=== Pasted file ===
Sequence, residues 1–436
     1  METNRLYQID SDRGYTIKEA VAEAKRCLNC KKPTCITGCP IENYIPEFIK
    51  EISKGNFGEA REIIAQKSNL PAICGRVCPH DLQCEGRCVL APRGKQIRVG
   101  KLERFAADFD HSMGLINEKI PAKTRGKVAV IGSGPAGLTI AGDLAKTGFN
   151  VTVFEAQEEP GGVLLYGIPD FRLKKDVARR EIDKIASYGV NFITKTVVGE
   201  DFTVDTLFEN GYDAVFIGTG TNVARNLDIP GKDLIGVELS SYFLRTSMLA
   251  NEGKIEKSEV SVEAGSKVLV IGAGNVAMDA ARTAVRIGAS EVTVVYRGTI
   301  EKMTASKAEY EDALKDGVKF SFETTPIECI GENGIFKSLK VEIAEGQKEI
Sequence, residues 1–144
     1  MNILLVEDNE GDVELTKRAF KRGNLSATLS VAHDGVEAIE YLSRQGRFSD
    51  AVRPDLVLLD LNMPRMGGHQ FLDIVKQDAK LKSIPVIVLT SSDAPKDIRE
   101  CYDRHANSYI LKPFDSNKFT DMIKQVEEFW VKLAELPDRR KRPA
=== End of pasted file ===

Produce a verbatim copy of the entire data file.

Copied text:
Sequence, residues 1–436
     1  METNRLYQID SDRGYTIKEA VAEAKRCLNC KKPTCITGCP IENYIPEFIK
    51  EISKGNFGEA REIIAQKSNL PAICGRVCPH DLQCEGRCVL APRGKQIRVG
   101  KLERFAADFD HSMGLINEKI PAKTRGKVAV IGSGPAGLTI AGDLAKTGFN
   151  VTVFEAQEEP GGVLLYGIPD FRLKKDVARR EIDKIASYGV NFITKTVVGE
   201  DFTVDTLFEN GYDAVFIGTG TNVARNLDIP GKDLIGVELS SYFLRTSMLA
   251  NEGKIEKSEV SVEAGSKVLV IGAGNVAMDA ARTAVRIGAS EVTVVYRGTI
   301  EKMTASKAEY EDALKDGVKF SFETTPIECI GENGIFKSLK VEIAEGQKEI
Sequence, residues 1–144
     1  MNILLVEDNE GDVELTKRAF KRGNLSATLS VAHDGVEAIE YLSRQGRFSD
    51  AVRPDLVLLD LNMPRMGGHQ FLDIVKQDAK LKSIPVIVLT SSDAPKDIRE
   101  CYDRHANSYI LKPFDSNKFT DMIKQVEEFW VKLAELPDRR KRPA